THEATER REVIEW : The Power of One : Patrick Stewart’s dramatic reading of ‘A Christmas Carol’ doesn’t rely on makeup, costume changes, a backdrop or much in the way of props to fill the stage.


At the beginning and end of his one-man show, Patrick Stewart lifts a book labeled “A Christmas Carol,” allowing it to be applauded. It’s a fitting gesture: The emphasis in “Patrick Stewart Presents ‘A Christmas Carol’ ” is squarely on the Dickens novella itself.

Yet there is more at play here--the genius of a performance that does not need makeup, a costume change, a backdrop or anything in the way of props except for that all-important book and a few modest sticks of plain wooden furniture: a lectern, a desk, a table, a chair, a stool.

What Stewart does bring to the stage is his own virtuosity. By taking away the razzmatazz usually associated with theatrical “magic,” he is able to fill the stage all the more richly with his own penetrating and versatile voice, his mastery of gesture, and facial expressions that instantly summon fear, delight, longing and awe.


All of this remains (and this is the key to the show’s success) in the service of the passion of Dickens’ tale of Ebenezer Scrooge, the cold old miser who learns on Christmas Eve that the welfare of mankind, not the making of money, is his true business.

Indeed, this show seems much in the spirit of the public readings Dickens himself used to do. “Patrick Stewart Presents ‘A Christmas Carol’ ” comes to the Cerritos Center for the Performing Arts for two sold-out performances this weekend.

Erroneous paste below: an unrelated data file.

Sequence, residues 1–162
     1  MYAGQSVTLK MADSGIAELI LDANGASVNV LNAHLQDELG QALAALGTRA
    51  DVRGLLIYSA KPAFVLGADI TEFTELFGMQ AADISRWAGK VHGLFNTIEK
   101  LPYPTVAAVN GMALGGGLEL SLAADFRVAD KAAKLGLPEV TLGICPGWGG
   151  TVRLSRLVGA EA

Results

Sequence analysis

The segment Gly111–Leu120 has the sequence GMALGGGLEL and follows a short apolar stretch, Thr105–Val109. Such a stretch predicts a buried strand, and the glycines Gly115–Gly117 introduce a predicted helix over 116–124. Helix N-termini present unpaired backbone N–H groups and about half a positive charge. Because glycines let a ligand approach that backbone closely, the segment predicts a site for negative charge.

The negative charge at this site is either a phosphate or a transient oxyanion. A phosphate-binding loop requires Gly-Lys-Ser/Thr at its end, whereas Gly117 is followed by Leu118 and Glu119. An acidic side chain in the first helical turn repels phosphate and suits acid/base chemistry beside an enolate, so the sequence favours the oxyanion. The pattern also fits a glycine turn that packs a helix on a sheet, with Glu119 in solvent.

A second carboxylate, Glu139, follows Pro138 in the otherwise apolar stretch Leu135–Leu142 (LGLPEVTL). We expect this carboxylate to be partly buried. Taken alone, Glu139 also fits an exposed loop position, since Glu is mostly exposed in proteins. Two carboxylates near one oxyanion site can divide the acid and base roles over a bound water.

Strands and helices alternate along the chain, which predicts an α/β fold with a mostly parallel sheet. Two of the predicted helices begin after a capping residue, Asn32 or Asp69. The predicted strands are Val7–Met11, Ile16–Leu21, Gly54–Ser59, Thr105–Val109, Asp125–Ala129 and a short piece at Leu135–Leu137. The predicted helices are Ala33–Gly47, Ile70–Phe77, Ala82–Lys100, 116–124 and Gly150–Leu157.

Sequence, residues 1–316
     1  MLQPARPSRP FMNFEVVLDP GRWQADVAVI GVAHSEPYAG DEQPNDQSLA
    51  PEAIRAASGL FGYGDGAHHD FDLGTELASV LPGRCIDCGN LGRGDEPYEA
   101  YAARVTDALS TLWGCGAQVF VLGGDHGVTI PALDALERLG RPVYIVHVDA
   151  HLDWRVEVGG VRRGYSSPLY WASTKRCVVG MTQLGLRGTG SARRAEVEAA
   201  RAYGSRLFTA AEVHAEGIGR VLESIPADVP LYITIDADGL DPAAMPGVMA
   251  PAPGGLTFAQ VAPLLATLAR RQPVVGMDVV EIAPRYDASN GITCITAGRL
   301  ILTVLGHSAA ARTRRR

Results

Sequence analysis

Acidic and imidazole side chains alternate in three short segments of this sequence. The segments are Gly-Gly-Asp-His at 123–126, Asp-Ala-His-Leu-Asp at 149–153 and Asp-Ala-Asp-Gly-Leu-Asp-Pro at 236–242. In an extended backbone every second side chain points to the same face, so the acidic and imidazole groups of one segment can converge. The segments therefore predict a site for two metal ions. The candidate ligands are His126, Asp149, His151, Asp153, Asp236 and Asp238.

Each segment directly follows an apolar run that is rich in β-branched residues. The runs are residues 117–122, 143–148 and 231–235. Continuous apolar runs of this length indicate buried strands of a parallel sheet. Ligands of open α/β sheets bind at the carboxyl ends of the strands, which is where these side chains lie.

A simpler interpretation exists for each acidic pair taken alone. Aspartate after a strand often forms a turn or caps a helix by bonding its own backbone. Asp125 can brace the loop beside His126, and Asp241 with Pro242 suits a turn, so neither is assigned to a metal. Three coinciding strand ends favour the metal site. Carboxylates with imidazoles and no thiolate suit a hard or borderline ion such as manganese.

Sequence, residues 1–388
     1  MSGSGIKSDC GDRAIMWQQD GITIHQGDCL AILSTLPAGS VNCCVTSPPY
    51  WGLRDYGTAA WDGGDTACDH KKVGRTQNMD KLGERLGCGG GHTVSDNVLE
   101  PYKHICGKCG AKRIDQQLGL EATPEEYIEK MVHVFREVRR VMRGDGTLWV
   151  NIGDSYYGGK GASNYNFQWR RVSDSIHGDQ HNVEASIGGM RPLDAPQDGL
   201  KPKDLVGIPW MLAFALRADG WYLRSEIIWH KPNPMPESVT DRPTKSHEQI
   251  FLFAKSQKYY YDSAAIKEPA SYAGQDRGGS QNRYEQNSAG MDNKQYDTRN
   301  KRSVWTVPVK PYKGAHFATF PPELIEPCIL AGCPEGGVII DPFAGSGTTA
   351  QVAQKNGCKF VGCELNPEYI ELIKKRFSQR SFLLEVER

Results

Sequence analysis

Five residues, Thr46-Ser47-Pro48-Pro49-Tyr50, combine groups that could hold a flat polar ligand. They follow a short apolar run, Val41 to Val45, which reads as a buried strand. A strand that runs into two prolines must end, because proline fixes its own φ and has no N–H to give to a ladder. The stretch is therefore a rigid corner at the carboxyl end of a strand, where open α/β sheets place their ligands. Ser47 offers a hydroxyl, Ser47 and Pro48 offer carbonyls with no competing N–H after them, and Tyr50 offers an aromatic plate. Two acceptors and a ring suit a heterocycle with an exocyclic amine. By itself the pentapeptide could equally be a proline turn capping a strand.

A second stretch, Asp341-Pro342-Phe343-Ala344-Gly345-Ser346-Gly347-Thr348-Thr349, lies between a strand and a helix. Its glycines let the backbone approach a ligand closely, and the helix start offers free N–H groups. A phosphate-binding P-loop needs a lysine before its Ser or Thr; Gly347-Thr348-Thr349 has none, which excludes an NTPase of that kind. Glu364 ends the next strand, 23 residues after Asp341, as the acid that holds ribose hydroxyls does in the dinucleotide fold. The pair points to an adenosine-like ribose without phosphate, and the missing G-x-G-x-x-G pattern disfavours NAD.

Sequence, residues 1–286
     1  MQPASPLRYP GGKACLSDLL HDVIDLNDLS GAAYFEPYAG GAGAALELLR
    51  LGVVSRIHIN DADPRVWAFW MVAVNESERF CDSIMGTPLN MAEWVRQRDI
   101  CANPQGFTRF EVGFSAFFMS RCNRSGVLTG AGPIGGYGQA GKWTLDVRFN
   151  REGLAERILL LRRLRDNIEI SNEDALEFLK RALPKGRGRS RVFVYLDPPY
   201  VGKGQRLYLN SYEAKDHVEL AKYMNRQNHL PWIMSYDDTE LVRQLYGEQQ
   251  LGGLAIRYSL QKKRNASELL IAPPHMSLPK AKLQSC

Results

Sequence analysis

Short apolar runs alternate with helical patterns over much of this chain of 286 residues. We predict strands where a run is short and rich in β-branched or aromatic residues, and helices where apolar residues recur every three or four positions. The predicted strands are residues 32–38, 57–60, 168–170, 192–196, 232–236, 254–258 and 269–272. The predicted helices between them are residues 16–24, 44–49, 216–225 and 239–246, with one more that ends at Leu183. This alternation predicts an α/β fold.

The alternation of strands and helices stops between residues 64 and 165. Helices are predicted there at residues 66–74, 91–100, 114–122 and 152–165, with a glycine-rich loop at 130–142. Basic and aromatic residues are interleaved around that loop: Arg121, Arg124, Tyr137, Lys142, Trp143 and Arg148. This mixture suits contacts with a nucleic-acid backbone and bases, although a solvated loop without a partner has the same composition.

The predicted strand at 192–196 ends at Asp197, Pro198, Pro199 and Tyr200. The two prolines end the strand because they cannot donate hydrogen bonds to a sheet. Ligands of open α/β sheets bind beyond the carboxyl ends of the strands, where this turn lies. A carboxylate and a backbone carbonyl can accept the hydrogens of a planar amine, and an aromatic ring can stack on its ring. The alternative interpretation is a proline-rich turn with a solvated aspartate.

Stewart adapted the story and directed the production, which was acclaimed on Broadway in 1991 and 1992; it has since toured, with great and well-deserved popular and critical success. Stewart may be best known for his six seasons as Capt. Jean-Luc Picard on “Star Trek: The Next Generation,” but his 20-plus-year stint as an associate artist of the Royal Shakespeare Company is what shows here.

He strides onto the stage forcefully in a suit and dark green shirt, no tie, his bald head gleaming. He sets up his scant furniture, opens the book on the lectern and announces in a booming voice that “Marley was dead.”

From there, he tells the story much as Dickens wrote it, in a variety of voices from from man to woman to phantom. His tone ranges from the otherworldliness of the Ghosts of Christmas Past and Present to the warm, earthy quality of the large Cratchit family chattering excitedly around their Christmas goose.

Most set changes and all costume changes are mimed, from Bob Cratchit’s winding his scarf around himself to Scrooge’s putting on his nightdress, cap and slippers. In a sly, humorous twist, Stewart even mimes the drinking of a cup of water to regain his voice after a vigorous dance around the stage as the exuberant Mr. Fezziwig.

The lighting by Fred Allen (the only other design credit) complements Stewart’s vision effectively and without fuss. Stewart portrays Scrooge as a frozen creature, resistant to light and warmth. As he raises his hands to shield his eyes, he makes you realize that the intense love exuded by the Ghost of Christmas Past would be blinding to Scrooge. And when his voice struggles and cracks with Scrooge’s first laugh, he makes you hear the almost-painful delight that comes when such a man learns to care again.

Stewart’s greatest accomplishment is that his Scrooge is not a caricature but an Everyman whose sins are present in most of us to varying degrees. As a result, his redemption is potentially everyone’s as well.

* “Patrick Stewart Presents ‘A Christmas Carol,’ ” Cerritos Center for the Performing Arts, 12700 Center Court Drive, Cerritos. Saturday at 8 p.m.; Sunday at 2 p.m. SOLD OUT. (310) 916-8500. Running time: 2 hours, 10 minutes. Adapted by Patrick Stewart from the novella by Charles Dickens. Directed by and starring Patrick Stewart. Lights: Fred Allen.